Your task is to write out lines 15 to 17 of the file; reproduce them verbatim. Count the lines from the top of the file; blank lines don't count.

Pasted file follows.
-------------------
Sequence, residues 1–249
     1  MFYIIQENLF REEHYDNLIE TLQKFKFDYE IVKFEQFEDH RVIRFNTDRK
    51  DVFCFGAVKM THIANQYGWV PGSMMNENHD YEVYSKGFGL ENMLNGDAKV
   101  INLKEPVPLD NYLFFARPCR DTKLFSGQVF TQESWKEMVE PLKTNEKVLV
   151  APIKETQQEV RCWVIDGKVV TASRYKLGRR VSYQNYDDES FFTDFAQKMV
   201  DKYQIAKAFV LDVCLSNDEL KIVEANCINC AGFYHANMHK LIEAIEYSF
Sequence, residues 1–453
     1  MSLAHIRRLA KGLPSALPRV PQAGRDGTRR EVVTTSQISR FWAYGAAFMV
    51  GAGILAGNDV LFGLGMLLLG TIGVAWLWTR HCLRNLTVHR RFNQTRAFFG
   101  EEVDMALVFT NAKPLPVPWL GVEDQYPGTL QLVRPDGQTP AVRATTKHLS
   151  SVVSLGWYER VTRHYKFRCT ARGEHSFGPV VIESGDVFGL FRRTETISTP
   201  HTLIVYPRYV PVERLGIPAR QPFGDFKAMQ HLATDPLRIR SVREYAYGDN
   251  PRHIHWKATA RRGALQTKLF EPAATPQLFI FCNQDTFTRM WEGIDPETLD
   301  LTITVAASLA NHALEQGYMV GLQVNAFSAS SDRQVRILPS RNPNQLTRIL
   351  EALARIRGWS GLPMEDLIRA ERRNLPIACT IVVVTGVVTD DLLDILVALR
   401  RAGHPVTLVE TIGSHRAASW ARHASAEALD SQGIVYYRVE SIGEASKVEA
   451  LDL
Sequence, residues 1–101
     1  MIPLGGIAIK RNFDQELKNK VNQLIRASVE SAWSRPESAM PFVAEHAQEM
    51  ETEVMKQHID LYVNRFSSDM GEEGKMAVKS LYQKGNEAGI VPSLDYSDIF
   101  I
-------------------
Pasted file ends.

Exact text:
   351  EALARIRGWS GLPMEDLIRA ERRNLPIACT IVVVTGVVTD DLLDILVALR
   401  RAGHPVTLVE TIGSHRAASW ARHASAEALD SQGIVYYRVE SIGEASKVEA
   451  LDL